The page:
Inventory is king
While we are not as bullish as some of our peers on the short-term direction of oil, this also does not mean all oil names are created equal. In particular, there's been a divergence of multiples on companies in the E&P space, where the more years of reserve life you have, the higher multiples your companies will trade at. Productivity on a per-well basis has slowly trended down in the Permian as wells are getting harder to drill. For this reason, we are still highly constructive on Canadian oil sands, where companies have decades of inventories at very low decline versus their light oil peers and do not have to be on a constant treadmill just to keep their production flat. We also like the defensive nature of oil sands economics given the egress picture has significantly improved recently and the Trans Mountain Expansion pipeline that is due to start in 2024, which all leads to tighter discount pricing to the WTI benchmark. We continue to remain bullish on Athabasca Oil (ATH) and MEG Energy (MEG).
Resiliency in retail downstream
One area we particularly like within energy is the retail segment, i.e. gas stations. Despite the risks of consumer demand dropping off if a full recession was to hit, in reality, retail fuel margin has remained resilient as consumers tend to prioritize mobility spending more than other durables spending (as previously mentioned in What Can the Gas Pump Tell Us About the Economy?) . Convenience stores also offer additional diversification to the business, given that the majority of the products sold are consumed within hours and less impacted by the broader business cycles. The synergies between gas stations and convenience stores are only going up as the electric vehicle transition takes place. With today's battery tech, the average charging time for an EV is still much longer than filling up the tank, so what this means is more propensity for a consumer to spend at the convenience store while they're waiting for their cars to charge.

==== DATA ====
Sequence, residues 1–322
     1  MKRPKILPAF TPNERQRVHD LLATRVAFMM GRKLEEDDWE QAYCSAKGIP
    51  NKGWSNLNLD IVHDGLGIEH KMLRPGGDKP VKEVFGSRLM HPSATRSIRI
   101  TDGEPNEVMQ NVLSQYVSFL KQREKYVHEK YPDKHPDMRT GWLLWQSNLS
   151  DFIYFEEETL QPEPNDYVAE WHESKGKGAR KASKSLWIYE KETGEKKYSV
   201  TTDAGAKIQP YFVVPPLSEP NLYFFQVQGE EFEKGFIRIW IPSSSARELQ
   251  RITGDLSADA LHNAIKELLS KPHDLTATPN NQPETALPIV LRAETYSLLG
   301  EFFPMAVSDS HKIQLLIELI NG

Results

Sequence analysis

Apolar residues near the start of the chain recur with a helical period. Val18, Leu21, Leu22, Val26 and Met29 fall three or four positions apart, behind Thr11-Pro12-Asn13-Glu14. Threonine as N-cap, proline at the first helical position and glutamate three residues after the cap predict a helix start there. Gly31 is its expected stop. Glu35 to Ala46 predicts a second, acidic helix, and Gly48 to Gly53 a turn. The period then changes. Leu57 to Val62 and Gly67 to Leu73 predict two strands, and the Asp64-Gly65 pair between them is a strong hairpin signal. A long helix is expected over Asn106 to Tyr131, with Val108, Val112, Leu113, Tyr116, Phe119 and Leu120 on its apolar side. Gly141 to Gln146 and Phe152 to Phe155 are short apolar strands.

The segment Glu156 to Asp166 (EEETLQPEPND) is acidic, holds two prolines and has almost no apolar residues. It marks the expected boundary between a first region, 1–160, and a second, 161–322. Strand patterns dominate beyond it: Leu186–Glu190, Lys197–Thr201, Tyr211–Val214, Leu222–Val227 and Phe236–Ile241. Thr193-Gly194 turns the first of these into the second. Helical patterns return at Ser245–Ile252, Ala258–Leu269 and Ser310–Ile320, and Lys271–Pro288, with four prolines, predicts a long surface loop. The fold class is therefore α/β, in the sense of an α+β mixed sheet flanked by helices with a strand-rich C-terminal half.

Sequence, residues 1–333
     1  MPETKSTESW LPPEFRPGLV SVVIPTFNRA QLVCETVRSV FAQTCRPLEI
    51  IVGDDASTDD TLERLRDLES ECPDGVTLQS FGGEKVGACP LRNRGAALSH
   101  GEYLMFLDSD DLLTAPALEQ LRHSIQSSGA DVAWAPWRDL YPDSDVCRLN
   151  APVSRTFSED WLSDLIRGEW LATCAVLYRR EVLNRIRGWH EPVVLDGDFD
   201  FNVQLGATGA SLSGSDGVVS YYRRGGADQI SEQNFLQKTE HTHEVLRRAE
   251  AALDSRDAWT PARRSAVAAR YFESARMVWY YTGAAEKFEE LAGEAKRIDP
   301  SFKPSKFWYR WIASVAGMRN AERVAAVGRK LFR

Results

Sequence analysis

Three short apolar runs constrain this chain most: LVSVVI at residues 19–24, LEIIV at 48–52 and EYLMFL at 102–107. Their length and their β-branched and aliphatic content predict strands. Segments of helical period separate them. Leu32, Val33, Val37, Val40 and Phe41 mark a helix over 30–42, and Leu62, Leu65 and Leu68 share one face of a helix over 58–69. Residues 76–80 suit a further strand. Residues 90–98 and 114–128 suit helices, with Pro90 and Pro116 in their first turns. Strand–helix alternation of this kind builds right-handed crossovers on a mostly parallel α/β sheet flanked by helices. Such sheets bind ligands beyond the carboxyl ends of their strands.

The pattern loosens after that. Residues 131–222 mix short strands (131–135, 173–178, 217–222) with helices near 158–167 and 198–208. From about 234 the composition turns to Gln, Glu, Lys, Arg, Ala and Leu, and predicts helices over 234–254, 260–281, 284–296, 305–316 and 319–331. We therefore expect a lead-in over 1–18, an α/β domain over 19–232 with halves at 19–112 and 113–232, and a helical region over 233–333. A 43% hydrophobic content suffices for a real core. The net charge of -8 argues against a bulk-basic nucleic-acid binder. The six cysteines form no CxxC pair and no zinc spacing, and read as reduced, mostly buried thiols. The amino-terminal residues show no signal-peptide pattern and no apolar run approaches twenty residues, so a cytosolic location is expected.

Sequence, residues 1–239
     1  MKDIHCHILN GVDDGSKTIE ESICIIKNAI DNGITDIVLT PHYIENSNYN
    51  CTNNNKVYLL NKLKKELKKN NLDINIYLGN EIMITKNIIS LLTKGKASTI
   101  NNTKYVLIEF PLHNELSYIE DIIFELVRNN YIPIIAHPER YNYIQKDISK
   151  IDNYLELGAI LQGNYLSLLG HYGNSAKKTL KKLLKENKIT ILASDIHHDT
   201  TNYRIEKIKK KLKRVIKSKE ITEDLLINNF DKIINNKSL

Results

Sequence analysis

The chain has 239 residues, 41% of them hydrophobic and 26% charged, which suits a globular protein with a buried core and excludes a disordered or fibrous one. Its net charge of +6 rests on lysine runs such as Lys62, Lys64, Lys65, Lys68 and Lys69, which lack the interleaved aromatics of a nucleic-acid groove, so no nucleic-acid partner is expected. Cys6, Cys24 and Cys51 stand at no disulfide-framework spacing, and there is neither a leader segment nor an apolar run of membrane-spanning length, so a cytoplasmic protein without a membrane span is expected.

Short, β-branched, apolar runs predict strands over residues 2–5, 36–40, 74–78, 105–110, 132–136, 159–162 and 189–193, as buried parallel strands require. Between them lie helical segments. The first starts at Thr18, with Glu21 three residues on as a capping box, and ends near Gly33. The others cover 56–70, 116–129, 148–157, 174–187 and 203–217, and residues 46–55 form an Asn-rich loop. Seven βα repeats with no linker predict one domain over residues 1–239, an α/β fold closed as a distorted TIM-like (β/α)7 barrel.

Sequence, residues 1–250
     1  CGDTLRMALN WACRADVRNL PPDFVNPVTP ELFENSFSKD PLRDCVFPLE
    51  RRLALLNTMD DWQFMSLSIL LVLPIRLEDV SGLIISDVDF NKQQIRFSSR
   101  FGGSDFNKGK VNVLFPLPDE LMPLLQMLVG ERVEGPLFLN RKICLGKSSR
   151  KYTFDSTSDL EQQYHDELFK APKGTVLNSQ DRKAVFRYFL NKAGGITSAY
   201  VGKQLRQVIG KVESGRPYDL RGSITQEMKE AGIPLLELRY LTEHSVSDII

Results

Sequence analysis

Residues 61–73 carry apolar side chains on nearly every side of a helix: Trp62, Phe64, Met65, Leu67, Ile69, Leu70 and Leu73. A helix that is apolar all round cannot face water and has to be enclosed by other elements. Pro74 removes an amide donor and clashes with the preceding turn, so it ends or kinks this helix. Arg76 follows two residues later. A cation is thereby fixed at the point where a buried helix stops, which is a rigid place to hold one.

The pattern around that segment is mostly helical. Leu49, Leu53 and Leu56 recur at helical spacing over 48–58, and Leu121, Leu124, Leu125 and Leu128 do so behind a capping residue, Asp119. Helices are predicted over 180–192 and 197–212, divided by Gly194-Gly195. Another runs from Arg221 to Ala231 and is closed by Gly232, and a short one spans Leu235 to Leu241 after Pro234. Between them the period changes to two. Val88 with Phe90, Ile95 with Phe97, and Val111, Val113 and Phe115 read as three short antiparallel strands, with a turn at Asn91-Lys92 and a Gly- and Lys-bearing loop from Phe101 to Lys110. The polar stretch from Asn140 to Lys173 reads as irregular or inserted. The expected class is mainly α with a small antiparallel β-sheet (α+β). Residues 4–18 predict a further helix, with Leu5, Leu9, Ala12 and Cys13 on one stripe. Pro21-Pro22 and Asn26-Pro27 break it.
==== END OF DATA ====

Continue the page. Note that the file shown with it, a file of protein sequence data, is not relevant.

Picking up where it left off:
One company we particularly like is Alimentation Couche-Tard (ATD). ATD is a multinational convenience store company with a strong presence in Canada, Europe, and the US. With over 9,000 convenience stores in North America, including 8,000 offering road transport fuels, ATD is recognized as Circle K in the US. Fuel sales contribute 46% to the company's gross profit, with approximately 35 million gallons sold daily. Also, the company sells about 500,000 hot dogs per day. In today's market, ATD and other larger players like Murphy USA and Casey's General Store benefit from economies of scale, allowing them to maintain competitive prices compared with smaller retailers. These retailers can deliver consistent and rising margins by streamlining operational costs, including energy, labour, and credit card fees. This cost efficiency is particularly valuable in the face of fluctuating crude oil prices. ATD's business model has proven resilient, with consumers visiting stores more frequently for smaller purchases. This trend aligns with broader industry observations. As crude oil prices decrease, we anticipate even further expansion of margins for companies like ATD, reinforcing their position in a highly competitive market.